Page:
Patients and advocates have been calling for the study to be retracted and for the task force to be revamped, as it currently does not — surprisingly — include a breast cancer expert, though it does include a psychologist, occupational therapist and chiropractor.

Jennie Dale, executive director of Dense Breasts Canada, which is a group of breast cancer survivors and health professionals dedicated to raising awareness about the risks of dense breasts, says that cancer experts have been aware of the study’s flaws for three decades — but no one would listen.

“We approached MPs and provincial health ministers and told them that the guidelines are based on a flawed study but we were ignored, and it was really disturbing because modelling has shown that 400 Canadian women are dying every year,” she says.

Thanks to former staff who worked on the study and came forward, the discovery is finally making headlines, and the demand for immediate change is growing. Dense Breasts and other advocacy organizations are calling for the Royal College of Physicians and Surgeons to provide oversight with the task force, along with the federal government.

“We hear from women in their 40s who have been denied mammograms and later discover they have late stage breast cancer, which stems back to this study,” says Dale, whose organization surveyed 2500 Canadian women, 11 per cent of whom said they have been denied a mammogram in their 40s. “We’re trying to get the word out and to get the government to act responsibly, because this is criminal and women are dying needlessly.”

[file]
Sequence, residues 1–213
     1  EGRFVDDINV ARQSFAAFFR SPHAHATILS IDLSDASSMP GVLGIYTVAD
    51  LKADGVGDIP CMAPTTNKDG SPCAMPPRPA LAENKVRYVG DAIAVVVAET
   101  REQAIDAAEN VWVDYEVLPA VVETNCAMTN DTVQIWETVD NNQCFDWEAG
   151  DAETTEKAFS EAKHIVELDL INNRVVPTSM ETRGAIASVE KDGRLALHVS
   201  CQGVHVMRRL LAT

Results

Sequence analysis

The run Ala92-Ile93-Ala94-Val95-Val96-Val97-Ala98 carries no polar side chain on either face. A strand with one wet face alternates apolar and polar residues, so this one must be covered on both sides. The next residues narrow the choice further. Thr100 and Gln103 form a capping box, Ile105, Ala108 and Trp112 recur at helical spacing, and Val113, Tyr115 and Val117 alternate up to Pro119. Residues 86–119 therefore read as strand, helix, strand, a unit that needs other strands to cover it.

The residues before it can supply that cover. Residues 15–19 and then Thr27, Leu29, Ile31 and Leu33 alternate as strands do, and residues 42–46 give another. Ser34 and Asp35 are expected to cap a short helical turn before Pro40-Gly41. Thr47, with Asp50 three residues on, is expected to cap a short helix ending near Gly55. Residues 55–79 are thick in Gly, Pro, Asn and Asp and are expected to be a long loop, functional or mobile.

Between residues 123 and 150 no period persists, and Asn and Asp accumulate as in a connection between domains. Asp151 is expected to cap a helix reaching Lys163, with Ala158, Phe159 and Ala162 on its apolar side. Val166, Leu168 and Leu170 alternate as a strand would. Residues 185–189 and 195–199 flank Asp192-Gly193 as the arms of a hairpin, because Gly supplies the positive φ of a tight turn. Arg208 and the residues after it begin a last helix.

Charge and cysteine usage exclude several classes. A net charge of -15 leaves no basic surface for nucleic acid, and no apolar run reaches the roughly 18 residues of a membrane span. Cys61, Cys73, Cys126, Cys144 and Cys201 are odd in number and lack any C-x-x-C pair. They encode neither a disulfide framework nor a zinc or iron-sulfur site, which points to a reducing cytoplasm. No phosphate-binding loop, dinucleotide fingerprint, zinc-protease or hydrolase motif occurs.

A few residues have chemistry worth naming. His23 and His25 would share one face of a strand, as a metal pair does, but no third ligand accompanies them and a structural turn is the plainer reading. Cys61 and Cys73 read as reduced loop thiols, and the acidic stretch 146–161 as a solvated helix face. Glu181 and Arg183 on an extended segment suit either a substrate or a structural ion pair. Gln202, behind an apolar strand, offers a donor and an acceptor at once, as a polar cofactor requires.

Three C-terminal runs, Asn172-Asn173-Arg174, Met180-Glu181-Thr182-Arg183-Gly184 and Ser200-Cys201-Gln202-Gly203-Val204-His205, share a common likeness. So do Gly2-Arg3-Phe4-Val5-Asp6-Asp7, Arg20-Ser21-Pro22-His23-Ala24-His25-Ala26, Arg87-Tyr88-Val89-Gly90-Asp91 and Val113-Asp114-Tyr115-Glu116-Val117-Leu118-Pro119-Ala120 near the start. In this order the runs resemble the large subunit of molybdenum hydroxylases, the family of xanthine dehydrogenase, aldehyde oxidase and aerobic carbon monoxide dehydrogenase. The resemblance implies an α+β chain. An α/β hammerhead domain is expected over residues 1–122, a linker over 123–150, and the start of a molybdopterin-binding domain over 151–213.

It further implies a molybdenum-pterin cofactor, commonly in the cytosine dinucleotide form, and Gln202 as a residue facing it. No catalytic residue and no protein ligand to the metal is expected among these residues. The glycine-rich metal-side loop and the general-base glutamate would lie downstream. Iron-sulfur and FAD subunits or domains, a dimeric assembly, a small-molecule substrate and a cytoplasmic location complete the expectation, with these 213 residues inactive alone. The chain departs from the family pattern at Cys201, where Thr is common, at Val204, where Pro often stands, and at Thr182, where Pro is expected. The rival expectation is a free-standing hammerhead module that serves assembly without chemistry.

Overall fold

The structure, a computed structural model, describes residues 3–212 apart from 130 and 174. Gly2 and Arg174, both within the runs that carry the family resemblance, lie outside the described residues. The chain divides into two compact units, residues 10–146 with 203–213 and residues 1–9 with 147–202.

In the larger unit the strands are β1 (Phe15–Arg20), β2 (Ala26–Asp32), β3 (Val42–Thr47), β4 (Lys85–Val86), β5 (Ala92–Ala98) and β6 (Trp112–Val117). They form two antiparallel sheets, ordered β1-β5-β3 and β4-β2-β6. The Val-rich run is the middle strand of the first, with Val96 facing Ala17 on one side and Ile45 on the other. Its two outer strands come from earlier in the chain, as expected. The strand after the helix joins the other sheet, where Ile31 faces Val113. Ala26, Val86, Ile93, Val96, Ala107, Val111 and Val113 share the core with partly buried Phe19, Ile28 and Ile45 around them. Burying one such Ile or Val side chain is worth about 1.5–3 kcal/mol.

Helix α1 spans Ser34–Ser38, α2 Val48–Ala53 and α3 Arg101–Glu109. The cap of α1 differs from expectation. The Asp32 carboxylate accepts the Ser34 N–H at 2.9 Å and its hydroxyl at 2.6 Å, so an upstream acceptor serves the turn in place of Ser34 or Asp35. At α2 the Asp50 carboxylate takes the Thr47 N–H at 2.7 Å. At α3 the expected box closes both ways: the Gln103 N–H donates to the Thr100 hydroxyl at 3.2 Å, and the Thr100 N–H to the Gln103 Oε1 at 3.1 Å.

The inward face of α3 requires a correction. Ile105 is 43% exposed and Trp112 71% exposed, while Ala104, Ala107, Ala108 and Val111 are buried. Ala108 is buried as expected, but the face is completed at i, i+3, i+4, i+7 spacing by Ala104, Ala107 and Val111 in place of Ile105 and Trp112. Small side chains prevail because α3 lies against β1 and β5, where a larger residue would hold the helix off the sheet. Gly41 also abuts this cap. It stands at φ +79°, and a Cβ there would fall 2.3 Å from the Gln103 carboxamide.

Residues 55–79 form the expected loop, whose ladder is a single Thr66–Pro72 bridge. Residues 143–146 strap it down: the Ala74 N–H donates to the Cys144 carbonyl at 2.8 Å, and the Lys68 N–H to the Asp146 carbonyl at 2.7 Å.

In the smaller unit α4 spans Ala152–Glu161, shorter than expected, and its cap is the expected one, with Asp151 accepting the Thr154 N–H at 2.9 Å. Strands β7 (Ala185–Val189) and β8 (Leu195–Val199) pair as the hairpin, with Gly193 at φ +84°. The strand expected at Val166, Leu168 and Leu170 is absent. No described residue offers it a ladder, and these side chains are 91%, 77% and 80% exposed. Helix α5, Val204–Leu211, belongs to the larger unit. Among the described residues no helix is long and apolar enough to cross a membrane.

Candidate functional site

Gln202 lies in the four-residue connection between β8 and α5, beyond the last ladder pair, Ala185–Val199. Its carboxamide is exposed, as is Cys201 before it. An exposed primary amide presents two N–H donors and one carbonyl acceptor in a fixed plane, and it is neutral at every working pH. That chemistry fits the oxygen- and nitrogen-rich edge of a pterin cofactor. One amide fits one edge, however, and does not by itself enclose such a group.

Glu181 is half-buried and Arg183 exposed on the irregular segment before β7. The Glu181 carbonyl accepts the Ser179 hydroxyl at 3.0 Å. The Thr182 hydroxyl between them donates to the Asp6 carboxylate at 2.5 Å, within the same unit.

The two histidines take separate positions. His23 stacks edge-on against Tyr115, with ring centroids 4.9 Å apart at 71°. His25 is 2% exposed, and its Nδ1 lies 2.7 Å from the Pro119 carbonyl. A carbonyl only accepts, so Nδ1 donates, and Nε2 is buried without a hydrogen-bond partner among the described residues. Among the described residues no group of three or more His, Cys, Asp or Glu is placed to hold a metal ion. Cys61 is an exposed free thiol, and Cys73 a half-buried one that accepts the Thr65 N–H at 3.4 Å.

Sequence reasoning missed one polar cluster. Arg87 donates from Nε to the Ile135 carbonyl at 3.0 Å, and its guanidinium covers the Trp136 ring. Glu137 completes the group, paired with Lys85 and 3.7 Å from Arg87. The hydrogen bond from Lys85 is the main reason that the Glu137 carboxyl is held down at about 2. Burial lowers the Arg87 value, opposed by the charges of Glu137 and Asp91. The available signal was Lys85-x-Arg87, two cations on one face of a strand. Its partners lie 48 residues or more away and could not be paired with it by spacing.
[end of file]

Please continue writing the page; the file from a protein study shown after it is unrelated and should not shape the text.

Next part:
The Public Health Agency of Canada did release a statement in late November saying the task force is “arms-length from the government” and, therefore, “it would be inappropriate for PHAC to direct the Task Force on which studies to include or not include in their guidelines.” In other words, they admit little responsibility.

Meanwhile, the Canadian Cancer Society’s Dr. Stuart Edmonds, executive vice-president of mission, research and advocacy, said in a statement that the task force’s guidelines are based on far more evidence than just the one study, and does take into consideration advanced technologies.

“The allegations about the Canadian National Breast Screening Study are concerning and we have reached out to the institution that led the trial to determine what action they may take to investigate,” he adds. “Because the breast screening guidelines are based on a large body of evidence, the Task Force would need to review any investigation results and assess if a change in the validity of this particular study impacts the overall body of evidence, and if it does, how that would change the guidelines.”